Child Nutrition & Wellness
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Farm to Plate
Farm to Plate Overview
What is Farm to School?
The 2008 Farm Bill amended the Richard B. Russell School Lunch act to direct that the Secretary of Agriculture encourage institutions operating Child Nutrition Programs to purchase unprocessed locally grown and locally raised agricultural products.
What is Farm to Plate?
In Kansas, Farm to Plate encompasses all Child Nutrition Programs. Not only can local foods cover the plate; they can be offered throughout the year in any Child Nutrition Program. The Farm to Plate initiative is an effort to connect Child Nutrition Program Sponsors with regional or local farms in order to serve healthy meals using local foods.
What are unprocessed products?
They are only those agricultural products that retain their inherent character such as fresh fruits and vegetables. Canned fruits and vegetables, jams, jellies, and honey can NOT be purchased independently through local sources. Local agricultural products such as eggs, meat, poultry and milk cannot be purchased by schools unless they come from a licensed facility and have been inspected.
How do we define 'Local'?
This is at the discretion of the school sponsor. There is no requirement that locally grown and locally raised products need to be within a certain area or distance.
What are the purchasing options?
Put specifications in writing before contacting potential bidders/suppliers. Child Nutrition Program sponsors may choose from several purchasing options. Informal bids to local farmers, cooperative bidding, farmer’s market, vendor, or distributors may be used. Vendors may list ‘local’ or ‘Kansas’ product in their item description. The GAP (Good Agricultural Practices) sticker or seal promotes locally-grown foods and ensures food safety protections. A vendor letter should be kept in the school Food Safety (HACCP) Plan to ensure traceability of the local products.
What is the geographic preference rule?
Although geographic preference is not required; it can be specified in purchasing guidelines. When making purchases from a contracted foodservice distributor or cooperative, the product may be described as local or as a “Kansas” product to assist the purchaser with identifying locally sourced products.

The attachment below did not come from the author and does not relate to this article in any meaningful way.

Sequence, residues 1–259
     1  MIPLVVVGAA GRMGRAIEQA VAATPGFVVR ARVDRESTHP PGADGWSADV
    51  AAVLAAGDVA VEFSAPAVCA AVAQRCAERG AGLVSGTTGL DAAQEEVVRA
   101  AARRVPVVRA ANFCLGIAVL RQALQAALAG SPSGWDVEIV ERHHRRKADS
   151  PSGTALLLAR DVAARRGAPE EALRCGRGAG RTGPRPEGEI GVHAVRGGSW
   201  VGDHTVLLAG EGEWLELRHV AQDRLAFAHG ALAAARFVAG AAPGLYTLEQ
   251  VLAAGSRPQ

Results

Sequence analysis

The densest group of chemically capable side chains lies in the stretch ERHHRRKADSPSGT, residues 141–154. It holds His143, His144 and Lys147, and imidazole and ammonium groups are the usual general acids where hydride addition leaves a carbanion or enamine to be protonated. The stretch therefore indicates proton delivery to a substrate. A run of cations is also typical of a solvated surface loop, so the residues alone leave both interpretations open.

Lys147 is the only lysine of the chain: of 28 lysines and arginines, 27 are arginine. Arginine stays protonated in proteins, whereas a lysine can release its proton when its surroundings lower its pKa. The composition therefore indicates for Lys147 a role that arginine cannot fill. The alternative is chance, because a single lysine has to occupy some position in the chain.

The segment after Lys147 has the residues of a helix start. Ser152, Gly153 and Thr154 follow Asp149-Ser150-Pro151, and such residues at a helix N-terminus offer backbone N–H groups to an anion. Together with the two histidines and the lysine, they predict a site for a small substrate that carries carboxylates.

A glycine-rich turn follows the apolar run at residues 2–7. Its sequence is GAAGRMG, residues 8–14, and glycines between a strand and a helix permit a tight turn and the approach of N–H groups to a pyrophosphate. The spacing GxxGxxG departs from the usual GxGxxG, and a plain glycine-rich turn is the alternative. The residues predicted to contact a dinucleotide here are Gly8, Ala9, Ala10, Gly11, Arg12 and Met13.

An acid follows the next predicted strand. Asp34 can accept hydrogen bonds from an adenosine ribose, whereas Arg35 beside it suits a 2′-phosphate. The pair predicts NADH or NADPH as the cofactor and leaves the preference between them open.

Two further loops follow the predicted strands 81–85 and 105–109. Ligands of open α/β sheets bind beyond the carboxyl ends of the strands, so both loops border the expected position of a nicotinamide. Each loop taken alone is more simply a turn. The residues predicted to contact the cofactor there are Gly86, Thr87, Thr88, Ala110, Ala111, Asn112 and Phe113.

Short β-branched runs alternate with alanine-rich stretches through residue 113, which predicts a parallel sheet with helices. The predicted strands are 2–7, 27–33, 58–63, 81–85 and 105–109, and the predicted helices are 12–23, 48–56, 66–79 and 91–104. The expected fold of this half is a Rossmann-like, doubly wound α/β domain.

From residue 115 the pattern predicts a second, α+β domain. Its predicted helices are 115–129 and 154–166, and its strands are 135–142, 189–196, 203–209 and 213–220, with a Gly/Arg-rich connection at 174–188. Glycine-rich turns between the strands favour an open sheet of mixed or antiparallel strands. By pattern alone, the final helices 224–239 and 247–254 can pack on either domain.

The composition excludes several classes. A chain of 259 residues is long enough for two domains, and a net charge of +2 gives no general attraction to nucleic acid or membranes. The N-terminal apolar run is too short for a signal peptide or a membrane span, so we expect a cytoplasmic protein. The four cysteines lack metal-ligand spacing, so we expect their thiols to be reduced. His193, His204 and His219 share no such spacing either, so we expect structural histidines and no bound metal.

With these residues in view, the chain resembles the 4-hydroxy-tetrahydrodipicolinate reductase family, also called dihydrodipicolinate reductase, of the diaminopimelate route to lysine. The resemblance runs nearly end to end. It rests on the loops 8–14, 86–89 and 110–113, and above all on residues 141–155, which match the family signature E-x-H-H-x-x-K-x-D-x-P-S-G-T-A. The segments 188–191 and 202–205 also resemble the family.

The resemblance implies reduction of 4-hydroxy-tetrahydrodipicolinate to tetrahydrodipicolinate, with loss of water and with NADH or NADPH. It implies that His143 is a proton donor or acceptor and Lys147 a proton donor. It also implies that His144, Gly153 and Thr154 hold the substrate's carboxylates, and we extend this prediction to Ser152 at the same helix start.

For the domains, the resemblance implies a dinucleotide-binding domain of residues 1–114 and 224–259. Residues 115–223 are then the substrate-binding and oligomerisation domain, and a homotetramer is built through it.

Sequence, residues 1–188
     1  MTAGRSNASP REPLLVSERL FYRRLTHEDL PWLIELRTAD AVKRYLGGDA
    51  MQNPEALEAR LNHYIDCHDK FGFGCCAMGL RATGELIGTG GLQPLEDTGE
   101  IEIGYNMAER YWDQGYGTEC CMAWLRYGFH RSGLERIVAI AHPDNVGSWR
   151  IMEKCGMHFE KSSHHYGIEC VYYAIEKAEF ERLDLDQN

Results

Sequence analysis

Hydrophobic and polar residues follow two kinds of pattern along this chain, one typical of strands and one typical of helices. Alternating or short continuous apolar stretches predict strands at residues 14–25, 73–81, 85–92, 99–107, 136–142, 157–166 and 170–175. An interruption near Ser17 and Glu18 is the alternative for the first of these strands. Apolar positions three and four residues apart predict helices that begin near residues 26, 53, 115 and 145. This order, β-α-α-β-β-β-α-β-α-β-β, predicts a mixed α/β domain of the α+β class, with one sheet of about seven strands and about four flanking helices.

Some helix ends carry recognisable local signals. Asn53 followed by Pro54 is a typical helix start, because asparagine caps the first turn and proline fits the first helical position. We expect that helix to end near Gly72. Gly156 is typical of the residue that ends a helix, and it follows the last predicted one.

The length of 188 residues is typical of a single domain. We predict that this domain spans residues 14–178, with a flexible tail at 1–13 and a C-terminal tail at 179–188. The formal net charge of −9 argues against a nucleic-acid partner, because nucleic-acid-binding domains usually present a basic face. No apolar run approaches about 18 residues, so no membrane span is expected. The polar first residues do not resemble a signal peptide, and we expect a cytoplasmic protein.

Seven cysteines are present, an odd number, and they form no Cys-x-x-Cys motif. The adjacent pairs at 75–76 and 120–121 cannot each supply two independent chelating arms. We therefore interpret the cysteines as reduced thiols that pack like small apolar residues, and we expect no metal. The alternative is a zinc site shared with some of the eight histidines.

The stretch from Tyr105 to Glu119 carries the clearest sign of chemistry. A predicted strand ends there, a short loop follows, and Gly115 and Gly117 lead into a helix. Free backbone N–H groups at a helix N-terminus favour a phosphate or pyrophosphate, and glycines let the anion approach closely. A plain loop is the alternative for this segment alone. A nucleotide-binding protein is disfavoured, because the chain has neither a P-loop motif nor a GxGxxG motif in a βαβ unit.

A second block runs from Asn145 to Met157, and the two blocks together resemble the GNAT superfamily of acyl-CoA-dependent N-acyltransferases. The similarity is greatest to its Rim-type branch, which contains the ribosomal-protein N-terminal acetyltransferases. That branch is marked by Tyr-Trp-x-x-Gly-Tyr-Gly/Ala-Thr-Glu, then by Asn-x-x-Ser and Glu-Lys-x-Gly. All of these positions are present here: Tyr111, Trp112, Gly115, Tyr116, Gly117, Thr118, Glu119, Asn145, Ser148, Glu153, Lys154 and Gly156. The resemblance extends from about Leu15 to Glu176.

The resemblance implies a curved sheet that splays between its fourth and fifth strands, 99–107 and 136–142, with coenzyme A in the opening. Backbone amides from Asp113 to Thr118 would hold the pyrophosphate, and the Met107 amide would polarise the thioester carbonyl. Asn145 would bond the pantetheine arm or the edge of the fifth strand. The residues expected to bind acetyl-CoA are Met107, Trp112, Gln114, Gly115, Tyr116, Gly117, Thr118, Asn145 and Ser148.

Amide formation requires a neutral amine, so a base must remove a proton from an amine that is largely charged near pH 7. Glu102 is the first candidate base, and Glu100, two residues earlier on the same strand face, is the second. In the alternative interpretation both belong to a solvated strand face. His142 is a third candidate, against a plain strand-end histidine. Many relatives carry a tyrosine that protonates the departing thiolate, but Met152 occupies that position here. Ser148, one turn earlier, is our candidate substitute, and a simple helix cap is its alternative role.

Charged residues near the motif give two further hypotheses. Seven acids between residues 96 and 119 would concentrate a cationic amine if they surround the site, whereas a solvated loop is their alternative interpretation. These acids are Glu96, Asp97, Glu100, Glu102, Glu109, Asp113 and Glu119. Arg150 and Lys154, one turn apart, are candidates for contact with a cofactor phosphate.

What are the food safety requirements?
KSDE’s HACCP guidance for schools requires that a letter is on file for each supplier/vendor stating that they have a HACCP plan in place with standard operating procedures for produce production, harvesting and post-harvest handling OR that they follow safe food handling procedures. Traceability of the produce used is required. In the event that produce purchased for a child nutrition program is recalled, you are responsible for tracing the produce one step back (trace back) to your supplier and one step forward (trace forward) to when and to whom it was served.
Is donated produce allowed in Child Nutrition Programs?
The Kansas Department of Agriculture approves the use of donated produce that has not been cooked, chopped, or cut. Products accepted must come from an approved source. A letter should be kept on file from each supplier stating they are following safe food handling procedures. For schools, a copy of this letter is to be kept in the Food Safety Plan at the serving site. It is our recommendation that the kitchen manager document the date of the donation, list of produce items received, and record the estimated value of the product. Schools should keep this information in the HACCP file with the Food Safety Plan.
Can produce grown on school or child care property be incorporated into Child Nutrition Programs?
Produce grown in the classroom, container gardens or gardens can be incorporated into Child Nutrition Programs. Everyone involved with growing and harvesting produce from the garden should be trained on basic food safety practices including handwashing, glove use, personal hygiene, cleaning and sanitizing, and handling ready-to-eat produce. It is suggested a list of all gardeners be kept on file.
Where do I start?
Complete a self-assessment. Research existing resources and determine where local products may be available. Set a goal to incorporate local products on your menu, in the Fresh Fruit and Vegetable Program, or in snack programs at your sponsor. Contact local resources and develop a plan to include community partners or vendors to make the purchase. Involve everyone in your efforts to promote Farm to Plate and Gardening programs.